Welcome to the politicaladvertising.co.uk campaign awards 2018!
This year we’ve had some fascinating electoral contests; from populist parties fighting for primacy in Italy to Democrats and Republicans going head-to-head in the midterms in the USA.
And there have been some brutal battles over big issues; Brexit dominated discourse in the UK, abortion rights took centre-stage in Ireland and immigration continues to shape debate on every continent.
Political advertising itself has also been a hot topic; the Cambridge Analytica scandal and Russian information wars both centred around the use of advertising during elections, which prompted a public discussion around issues relating to privacy, transparency and accountability of campaigns.
All of this juicy subject matter means that there has been some phenomenal political advertising that is in dire need of celebration.
The award categories are: best poster, best online video, best TV ad, best campaign branding, worst backfire and overall campaign of the year.
No jurors were invited to bicker over who should win, no sponsors were offered the opportunity of presenting an award and members of the general public were kept as far away from the process as was possible.
Now that’s all clear, let’s see who’s won what…
Winner: A private matter needs public support by Together for Yes
On 25th May there was a referendum on abortion law in Ireland.
Abortion is an issue which encourages extremely strong emotional responses and the ethical and clinical arguments can be very complex.
This poster didn’t try and deal with the moral rights and wrongs of the topic, instead, the campaign used carefully chosen and quietly persuasive words to play to humans’ instinctive desire for privacy and control.
Best online video
Winner: Rang-tan: the story of dirty palm oil for Greenpeace by Mother London.
Powerful storytelling, beautiful writing and some lovely animation combine to make a highly emotive film highlighting the damage that palm oil manufacturing can have on rainforests and their inhabitants.The film went viral in the UK when frozen food retailer Iceland claimed they were “banned” from using it as their Christmas TV ad due to regulations preventing political ads running on TV.
Runner up: Can’t we just skip it by Momentum
Best TV ad
Winner: We Found BigFoot for Dean Phillips for Congress MN-03 by Patrick Hunt and Doug Adkins
The advert draws a humorous analogy between Phillips’opponent – who was the incumbent – and a mythical beast: rarely seen in office and always up to no good. The writing is brilliant and the comic delivery of the actor playing Bigfoot is superb.
Best campaign branding
Winner: Beto for Senate by Stanton St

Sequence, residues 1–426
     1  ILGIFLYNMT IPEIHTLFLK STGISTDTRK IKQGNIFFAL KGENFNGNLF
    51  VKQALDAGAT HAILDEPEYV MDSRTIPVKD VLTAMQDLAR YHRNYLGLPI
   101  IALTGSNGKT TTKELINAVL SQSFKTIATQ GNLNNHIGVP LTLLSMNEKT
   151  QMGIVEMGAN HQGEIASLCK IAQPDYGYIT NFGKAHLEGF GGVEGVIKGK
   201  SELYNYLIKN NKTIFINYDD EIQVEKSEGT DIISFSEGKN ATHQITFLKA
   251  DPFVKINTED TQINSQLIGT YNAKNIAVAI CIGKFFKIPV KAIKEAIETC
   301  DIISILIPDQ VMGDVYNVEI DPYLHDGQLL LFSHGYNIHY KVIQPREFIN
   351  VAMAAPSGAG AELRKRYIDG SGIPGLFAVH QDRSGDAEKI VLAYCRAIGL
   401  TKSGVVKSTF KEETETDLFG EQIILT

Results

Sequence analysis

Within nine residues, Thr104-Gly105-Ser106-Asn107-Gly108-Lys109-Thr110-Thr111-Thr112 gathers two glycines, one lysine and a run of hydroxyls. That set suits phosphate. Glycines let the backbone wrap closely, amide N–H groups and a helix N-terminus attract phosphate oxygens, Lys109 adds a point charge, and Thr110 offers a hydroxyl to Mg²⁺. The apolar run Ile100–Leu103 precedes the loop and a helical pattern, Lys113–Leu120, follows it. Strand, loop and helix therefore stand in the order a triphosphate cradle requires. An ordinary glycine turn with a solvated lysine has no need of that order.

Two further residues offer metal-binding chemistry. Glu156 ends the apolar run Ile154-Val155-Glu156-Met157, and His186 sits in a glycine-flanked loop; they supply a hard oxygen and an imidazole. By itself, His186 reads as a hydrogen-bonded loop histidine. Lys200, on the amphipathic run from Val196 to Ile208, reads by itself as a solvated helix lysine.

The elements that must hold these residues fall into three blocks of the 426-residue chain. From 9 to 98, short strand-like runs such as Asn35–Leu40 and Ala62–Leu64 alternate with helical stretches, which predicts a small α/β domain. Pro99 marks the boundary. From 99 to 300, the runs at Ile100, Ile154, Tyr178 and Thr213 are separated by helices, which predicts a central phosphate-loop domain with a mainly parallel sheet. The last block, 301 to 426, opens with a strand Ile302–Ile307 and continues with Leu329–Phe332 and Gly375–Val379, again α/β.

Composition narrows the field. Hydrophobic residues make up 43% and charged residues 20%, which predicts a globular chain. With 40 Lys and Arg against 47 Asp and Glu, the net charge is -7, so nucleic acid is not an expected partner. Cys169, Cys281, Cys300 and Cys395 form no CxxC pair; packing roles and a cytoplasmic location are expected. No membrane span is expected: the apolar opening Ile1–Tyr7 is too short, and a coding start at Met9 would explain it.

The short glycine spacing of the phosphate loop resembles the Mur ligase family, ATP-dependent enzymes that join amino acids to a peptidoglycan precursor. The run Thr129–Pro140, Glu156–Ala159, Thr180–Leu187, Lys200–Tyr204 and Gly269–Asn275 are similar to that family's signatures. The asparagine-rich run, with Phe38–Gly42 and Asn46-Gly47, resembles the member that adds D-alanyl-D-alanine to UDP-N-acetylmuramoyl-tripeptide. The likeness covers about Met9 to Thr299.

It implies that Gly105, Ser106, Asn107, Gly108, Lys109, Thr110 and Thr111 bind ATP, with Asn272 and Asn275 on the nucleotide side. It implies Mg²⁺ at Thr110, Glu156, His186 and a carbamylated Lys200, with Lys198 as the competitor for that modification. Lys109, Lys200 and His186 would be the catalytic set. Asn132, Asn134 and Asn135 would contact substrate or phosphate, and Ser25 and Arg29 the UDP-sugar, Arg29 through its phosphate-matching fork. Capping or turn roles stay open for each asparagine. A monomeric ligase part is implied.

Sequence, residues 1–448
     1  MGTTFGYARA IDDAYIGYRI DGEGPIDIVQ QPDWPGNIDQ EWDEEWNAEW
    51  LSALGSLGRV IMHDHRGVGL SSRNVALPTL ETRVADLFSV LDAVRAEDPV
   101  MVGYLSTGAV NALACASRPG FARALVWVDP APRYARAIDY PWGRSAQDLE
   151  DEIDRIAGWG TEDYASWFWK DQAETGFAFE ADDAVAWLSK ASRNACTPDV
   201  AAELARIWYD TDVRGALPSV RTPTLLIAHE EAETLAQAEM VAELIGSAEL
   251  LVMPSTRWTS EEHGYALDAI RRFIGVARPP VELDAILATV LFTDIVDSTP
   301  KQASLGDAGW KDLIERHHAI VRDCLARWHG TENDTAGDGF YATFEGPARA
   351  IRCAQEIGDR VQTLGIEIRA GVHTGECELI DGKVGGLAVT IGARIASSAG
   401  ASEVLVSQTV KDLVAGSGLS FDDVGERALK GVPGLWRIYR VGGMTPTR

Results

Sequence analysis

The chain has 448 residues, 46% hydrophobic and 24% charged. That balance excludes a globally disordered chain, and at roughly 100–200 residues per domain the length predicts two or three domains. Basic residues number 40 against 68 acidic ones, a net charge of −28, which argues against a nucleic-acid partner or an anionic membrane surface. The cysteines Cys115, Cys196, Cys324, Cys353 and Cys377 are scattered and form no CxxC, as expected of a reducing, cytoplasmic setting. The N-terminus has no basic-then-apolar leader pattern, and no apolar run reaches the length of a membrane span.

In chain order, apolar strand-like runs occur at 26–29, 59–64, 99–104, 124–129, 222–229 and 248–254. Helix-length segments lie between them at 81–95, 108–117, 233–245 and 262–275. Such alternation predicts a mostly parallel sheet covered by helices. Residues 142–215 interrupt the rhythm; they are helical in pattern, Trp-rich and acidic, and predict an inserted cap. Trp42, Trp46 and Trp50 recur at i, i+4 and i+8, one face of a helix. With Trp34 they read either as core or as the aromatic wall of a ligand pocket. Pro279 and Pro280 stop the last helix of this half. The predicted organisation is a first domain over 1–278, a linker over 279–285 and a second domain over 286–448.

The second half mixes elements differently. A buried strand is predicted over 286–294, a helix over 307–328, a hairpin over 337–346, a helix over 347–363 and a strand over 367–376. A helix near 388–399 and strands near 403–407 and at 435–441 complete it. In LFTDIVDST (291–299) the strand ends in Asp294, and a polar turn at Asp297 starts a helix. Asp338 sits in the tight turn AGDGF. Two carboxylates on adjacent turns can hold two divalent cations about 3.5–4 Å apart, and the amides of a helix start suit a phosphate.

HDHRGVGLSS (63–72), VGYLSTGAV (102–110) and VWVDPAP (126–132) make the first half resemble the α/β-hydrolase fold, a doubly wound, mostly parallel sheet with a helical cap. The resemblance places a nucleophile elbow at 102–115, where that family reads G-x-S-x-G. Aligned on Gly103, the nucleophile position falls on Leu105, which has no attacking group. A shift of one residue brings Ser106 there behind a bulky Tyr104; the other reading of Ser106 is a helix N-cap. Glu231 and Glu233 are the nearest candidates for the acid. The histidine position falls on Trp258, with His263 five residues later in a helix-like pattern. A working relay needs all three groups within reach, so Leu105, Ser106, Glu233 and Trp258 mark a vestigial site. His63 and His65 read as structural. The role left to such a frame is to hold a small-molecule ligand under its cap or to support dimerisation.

Beto O’Rourke’s campaign branding was distinctive and felt authentic. He had the confidence to use only his first (slightly unusual) name.
He bought a simple, well-crafted logo which broke from Democrat convention (it’s not blue).
And he developed this sort of ‘woke suburban dad’ vibe around his candidacy which was very different to his opponent – Ted Cruz – who can come across as a massive reactionary nerd.
Winner: Losers’ Vote by Leave Means Leave
On the day before the second largest protest in British history – which called for a referendum on the terms of the Brexit deal – the hard Brexit group Leave Means Leave ran this childish rant of a press ad.
It was widely seen as depressingly amateur and sapped the confidence of those still fighting in favour of EU withdrawal.
Overall campaign of the year
Winner: Together For Yes
Together for Yes, the pro-choice campaign in Ireland’s referendum on abortion, faced an uphill battle.
First consider that all the polling showed that older, more rural, more religious, less educated and less well-off people were more likely to be anti-abortion.
Then know, that in the 2016 Irish census 78.3% of the population identified as Catholic and that Ireland’s population is one of most rural inthe EU; rural dwellers account for 42% of the population (compared to anaverage of 27% in EU and 12% in Britain).
And yet the Yes campaign won in every region of Ireland – amongst both men and women – and in every age group below 65.
Together for Yes had a simple strategy which they stuck to: positioning the referendum not as a choice between whether you agree with abortion or not, but instead as a vote on who should decide if someone can have one and whether those who choose to do so can carry it out safely.
They successfully used an adult, compassionate and progressive tone to bring lots of different groups on board and in doing so managed to build a sense that history was on their side.
Runners up: People’s Vote